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Officers from across the country join forces in New Orleans

Editor's Note: CNN correspondents report back on what they are seeing in New Orleans and other Gulf Coast communities hit by Hurricane Katrina.

Many New Orleans residents staying put


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New Orleans (Louisiana)
Disasters and Accidents

Posted: 5:06 p.m. ET
CNN's Jeff Koinange in New Orleans, Louisiana

We saw a convoy of NYPD vehicles roll through here earlier. You could see people waving at them and clapping.

Law enforcement agencies from New York to California have come to New Orleans to lend a hand. We've seen them all across this city. Security is very tight.

We took a drive this morning through several neighborhoods asking people whether they're going to agree to leave the city. Many of them told us that they don't want to leave.

We asked them whether they fear an outbreak of disease. And they said, "Look, we are New Orleans residents. We've lived here all our lives. We know what it's like."

Many of those people living with pets don't want to leave because they fear that wherever they are taken, their pets might not be allowed.

At the end of the day, a lot of people are adamant about staying in this city, regardless of what condition it is in.

Smell is 'indescribable'

Posted: 1:11 p.m. ET
CNN's Jim Roope in New Orleans, Louisiana

Downtown New Orleans is, for lack of a better word, unrecognizable. The scene outside the convention center, stacks and stacks of garbage, human waste and other debris, tells us just how out-of-control and chaotic the evacuation was.

The smell is also unrecognizable. In fact, it's indescribable. It's nauseating and gives you a headache.

The Superdome is still surrounded by water, deeper in some places than others. But, no matter how much water, the smell is universally foul. (See a video diary of two tourists' experience inside the Superdome -- 3:32)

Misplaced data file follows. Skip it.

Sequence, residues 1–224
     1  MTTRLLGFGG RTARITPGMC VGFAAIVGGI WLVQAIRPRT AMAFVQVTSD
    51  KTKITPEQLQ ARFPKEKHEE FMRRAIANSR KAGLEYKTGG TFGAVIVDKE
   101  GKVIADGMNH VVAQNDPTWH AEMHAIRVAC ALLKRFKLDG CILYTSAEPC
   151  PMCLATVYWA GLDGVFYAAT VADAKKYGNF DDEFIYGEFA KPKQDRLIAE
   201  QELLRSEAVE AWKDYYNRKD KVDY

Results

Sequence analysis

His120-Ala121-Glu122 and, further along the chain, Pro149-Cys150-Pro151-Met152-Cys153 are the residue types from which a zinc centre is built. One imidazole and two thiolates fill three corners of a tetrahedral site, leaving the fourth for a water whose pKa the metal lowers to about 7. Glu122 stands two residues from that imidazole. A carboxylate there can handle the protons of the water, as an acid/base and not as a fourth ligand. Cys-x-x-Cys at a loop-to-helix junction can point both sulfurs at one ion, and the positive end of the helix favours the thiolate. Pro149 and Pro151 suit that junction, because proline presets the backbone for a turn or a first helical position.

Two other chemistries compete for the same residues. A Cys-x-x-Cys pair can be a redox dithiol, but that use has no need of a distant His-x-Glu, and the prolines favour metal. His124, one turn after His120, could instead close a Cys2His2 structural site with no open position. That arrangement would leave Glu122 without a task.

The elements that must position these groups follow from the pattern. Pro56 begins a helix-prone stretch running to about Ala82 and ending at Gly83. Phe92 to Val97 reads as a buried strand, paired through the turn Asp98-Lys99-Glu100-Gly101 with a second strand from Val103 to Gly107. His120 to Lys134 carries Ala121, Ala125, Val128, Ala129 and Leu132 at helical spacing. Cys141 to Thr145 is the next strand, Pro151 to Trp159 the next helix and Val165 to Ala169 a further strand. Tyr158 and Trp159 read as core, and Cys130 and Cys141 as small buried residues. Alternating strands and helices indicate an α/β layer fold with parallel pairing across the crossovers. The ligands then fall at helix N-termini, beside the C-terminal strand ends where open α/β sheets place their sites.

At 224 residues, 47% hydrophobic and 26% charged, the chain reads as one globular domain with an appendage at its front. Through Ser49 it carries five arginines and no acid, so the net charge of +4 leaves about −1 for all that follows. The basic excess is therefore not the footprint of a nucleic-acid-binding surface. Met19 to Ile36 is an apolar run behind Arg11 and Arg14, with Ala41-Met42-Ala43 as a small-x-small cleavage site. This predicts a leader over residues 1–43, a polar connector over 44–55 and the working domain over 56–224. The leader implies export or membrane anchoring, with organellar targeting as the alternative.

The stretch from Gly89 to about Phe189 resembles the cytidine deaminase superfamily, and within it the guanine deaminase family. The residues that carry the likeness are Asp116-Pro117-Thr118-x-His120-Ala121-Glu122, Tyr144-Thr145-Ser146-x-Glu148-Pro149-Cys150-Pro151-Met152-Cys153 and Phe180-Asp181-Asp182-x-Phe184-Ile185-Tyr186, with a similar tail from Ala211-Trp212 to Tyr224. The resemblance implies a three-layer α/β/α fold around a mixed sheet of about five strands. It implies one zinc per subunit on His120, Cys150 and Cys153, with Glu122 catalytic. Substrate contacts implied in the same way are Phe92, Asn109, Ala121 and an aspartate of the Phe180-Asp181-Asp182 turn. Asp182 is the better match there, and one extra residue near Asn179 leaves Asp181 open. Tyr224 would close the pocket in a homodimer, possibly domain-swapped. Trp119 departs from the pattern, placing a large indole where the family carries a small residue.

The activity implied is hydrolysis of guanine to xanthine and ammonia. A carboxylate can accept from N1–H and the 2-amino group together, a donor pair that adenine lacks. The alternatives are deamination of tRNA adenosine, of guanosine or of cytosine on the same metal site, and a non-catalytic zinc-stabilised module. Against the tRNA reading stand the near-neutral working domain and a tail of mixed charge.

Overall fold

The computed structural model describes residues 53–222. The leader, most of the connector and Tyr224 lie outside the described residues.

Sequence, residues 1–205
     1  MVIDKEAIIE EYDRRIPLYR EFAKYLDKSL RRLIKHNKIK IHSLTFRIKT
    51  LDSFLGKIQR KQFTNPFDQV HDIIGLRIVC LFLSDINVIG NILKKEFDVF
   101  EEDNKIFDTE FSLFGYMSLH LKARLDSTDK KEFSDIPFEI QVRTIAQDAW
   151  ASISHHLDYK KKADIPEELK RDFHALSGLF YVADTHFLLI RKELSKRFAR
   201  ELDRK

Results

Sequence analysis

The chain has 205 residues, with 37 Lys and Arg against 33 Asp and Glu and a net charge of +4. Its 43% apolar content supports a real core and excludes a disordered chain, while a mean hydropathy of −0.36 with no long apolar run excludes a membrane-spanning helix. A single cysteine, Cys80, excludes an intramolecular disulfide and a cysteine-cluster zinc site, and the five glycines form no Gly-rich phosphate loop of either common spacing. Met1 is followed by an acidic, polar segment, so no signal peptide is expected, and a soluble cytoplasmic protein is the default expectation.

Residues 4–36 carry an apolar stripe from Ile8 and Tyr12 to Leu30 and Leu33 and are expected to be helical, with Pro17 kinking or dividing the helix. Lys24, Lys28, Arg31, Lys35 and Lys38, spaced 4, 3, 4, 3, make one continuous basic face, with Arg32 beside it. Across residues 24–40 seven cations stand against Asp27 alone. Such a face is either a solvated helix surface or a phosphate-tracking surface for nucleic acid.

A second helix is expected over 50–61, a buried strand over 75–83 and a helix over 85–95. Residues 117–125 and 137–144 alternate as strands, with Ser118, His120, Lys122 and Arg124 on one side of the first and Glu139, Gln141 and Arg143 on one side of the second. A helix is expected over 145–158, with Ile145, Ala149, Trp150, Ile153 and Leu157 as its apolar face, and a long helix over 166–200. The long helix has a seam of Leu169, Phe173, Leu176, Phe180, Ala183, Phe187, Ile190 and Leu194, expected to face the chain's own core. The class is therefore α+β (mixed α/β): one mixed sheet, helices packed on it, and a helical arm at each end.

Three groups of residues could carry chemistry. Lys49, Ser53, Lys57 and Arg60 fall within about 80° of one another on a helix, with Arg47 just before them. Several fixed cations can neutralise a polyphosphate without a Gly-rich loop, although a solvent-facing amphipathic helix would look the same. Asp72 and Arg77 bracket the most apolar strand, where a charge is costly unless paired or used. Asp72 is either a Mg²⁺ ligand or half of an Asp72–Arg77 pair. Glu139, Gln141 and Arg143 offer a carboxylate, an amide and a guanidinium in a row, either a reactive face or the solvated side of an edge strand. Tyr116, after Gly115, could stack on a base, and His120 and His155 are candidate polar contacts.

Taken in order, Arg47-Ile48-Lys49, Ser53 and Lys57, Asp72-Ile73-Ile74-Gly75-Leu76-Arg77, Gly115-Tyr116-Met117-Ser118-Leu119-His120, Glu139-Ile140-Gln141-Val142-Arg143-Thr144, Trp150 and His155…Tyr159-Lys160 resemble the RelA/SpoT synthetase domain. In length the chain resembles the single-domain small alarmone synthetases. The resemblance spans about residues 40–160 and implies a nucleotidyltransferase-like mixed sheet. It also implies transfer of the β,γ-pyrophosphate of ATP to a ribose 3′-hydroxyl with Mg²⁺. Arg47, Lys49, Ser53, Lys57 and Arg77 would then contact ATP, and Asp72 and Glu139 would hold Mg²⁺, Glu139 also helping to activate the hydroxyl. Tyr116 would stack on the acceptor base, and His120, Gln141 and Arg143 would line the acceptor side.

I caught up with a few officers from the New York Police Department who say they are feeling the same camaraderie they felt during 9/11. All the agencies are working hard together.

One sergeant says the New Orleans Police Department has gotten some bad press. He says these officers are not only brave, but have gone far above and beyond the call. He says he'd stand shoulder-to-shoulder with the NOPD anytime, anywhere.

Bracing for what's next

Posted: 10:45 a.m. ET
CNN's Drew Griffin in New Orleans, Louisiana

We traveled through many New Orleans neighborhoods that were high and dry Wednesday. Some were unscathed but sustained wind damage. Tree limbs were down. We saw the first really big effort to start cleaning up. The city is broken into grids now, and contractors are being assigned blocks to clean.

The Texas National Guard sent a water purification team to the West End.

Many downtown businesses are starting repairs. Workers are just now putting boards up over broken windows of the Saks Fifth Avenue that was looted -- nine days ago.

I think the city is bracing for what's next, and that is bodies. We keep hearing to expect thousands. We're hoping that this is a huge exaggeration, but we have no way of knowing. A lot of people are missing.

One of the most hopeful signs I came across was inside Johnny White's sports bar. It is on Bourbon Street in the French Quarter. The sign behind the bar says "never closed." The bar was open and full. The beer only cool, not cold. Johnny's never closed for this hurricane -- the bartender, Joseph Bellomy, says, like New Orleans, it never will. (See the Coast Guard Vice Amiral talk about rescue and recovery efforts in New Orleans -- 4:48)

Katrina exposes hearts and homes

Posted: 9:53 a.m. ET
CNN's Jim Roope in New Orleans, Louisiana

As I drove into New Orleans Wednesday, the first thing I noticed was the destruction. Huge steel billboards bent to the ground, trees snapped off from various parts of the trunks, some completely uprooted that have caved in houses and businesses.

Apartment houses look like doll houses. The sides are ripped from the complexes exposing the apartments and their contents just like when a child opens their doll house. It looks like some one put the contents in a blender and then poured them out inside the exposed building.

Talking with those who had been finally airlifted from their flooded neighborhoods, many had no idea just how bad it is. Without electricity or batteries they've not heard how devastated the city is or how toxic the water. After being told how bad things really are they simply say, "Oh my God."

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